The opinion of the court was delivered by: YOUNGDAHL
This cause came on to be heard on defendant's motion to suppress evidence seized from his person. The Court heard testimony and considered defendant's memorandum in support of the motion.
1. On November 6, 1958, at approximately 3:10 P.M., the defendant was arrested by a member of the Metropolitan Police Department. No arrest warrant for the defendant had been issued. The arrest took place on the street.
2. Immediately before the arrest, police officers had under surveillance George and John Hamilton, known by the police to be narcotics peddlers. This knowledge was based on a tip from an informer that the police considered reliable and from the fact that police spies had purchased narcotics on previous occasions from the Hamiltons. While observing these two men, the police saw the defendant surreptitiously take a small brown envelope from George Hamilton and then begin to walk away.
3. The police officers justifiably concluded that the arrest of the defendant had to take place immediately, if at all.
4. The defendant was known to the police, by reputation, as a narcotics addict.
5. Upon arrest, the police searched the defendant and found on his person a brown envelope containing narcotics.
1. The arresting officer had reasonable cause to believe that a felony was being committed in his presence and the arrest was therefore lawful. Draper v. United States, 358 U.S. 307, 79 S. Ct. 329, 3 L. Ed. 2d 327; D.C.Code §§ 4-140, 4-141; United States v. Kancso, 2 Cir., 1958, 252 F.2d 220; Mills v. United States, 1952, 90 U.S.App.D.C. 365, 196 F.2d 600.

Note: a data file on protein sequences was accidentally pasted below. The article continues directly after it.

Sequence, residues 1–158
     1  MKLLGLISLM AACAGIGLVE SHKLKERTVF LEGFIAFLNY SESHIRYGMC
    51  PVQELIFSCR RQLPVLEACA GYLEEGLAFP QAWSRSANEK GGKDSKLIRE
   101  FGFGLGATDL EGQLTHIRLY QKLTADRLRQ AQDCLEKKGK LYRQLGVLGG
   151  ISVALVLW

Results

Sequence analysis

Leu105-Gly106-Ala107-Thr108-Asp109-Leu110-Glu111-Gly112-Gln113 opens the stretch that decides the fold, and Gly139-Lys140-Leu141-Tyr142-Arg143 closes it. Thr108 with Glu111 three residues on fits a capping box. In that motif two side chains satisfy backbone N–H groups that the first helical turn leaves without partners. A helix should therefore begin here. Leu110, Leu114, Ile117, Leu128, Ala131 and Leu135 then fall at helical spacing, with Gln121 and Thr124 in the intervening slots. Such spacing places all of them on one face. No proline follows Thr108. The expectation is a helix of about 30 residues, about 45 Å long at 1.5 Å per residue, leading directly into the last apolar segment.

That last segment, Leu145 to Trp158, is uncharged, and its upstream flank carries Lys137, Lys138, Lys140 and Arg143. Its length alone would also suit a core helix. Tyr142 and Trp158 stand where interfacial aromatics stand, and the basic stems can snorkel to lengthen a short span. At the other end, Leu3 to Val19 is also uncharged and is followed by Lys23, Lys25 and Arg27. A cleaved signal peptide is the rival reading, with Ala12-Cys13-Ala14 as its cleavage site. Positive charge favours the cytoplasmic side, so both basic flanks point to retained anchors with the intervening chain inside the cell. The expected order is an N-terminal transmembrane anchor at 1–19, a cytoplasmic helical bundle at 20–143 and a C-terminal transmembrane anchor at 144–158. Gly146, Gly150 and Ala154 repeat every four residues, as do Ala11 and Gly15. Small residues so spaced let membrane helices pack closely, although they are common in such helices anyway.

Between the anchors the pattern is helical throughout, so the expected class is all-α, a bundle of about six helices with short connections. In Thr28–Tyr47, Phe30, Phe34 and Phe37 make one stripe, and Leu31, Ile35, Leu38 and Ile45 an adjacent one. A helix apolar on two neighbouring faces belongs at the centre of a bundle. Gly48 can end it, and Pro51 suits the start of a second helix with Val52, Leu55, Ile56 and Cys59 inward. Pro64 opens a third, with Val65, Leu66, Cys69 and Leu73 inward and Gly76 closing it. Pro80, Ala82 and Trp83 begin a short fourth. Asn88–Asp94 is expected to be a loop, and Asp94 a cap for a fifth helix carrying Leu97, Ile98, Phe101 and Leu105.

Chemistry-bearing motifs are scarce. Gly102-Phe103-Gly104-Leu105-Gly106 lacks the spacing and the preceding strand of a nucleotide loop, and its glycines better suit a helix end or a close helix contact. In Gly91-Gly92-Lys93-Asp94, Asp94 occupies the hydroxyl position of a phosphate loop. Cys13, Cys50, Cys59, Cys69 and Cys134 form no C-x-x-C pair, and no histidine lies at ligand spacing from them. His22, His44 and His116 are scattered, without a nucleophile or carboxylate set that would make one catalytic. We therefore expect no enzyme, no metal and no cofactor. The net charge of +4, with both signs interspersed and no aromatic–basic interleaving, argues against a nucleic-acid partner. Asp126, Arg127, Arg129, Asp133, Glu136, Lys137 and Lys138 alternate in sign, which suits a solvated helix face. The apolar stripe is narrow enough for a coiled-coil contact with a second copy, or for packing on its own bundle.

2. The person of one lawfully arrested may be searched and anything found may be used against him. Draper v. United States, supra; United States v. Rabinowitz, 1950, 339 U.S. 56, 70 S. Ct. 430, 94 L. Ed. 653.
3. The case of United States v. Castle, D.C.D.C.1955, 138 F.Supp. 436, upon which the defendant relies, is clearly distinguishable on the facts. For example, in Castle, the tip relied upon was uninvestigated and the police officers did not personally observe Castle committing any acts giving rise to reasonable cause to believe that he was committing a crime.
An order denying the motion has been rendered.
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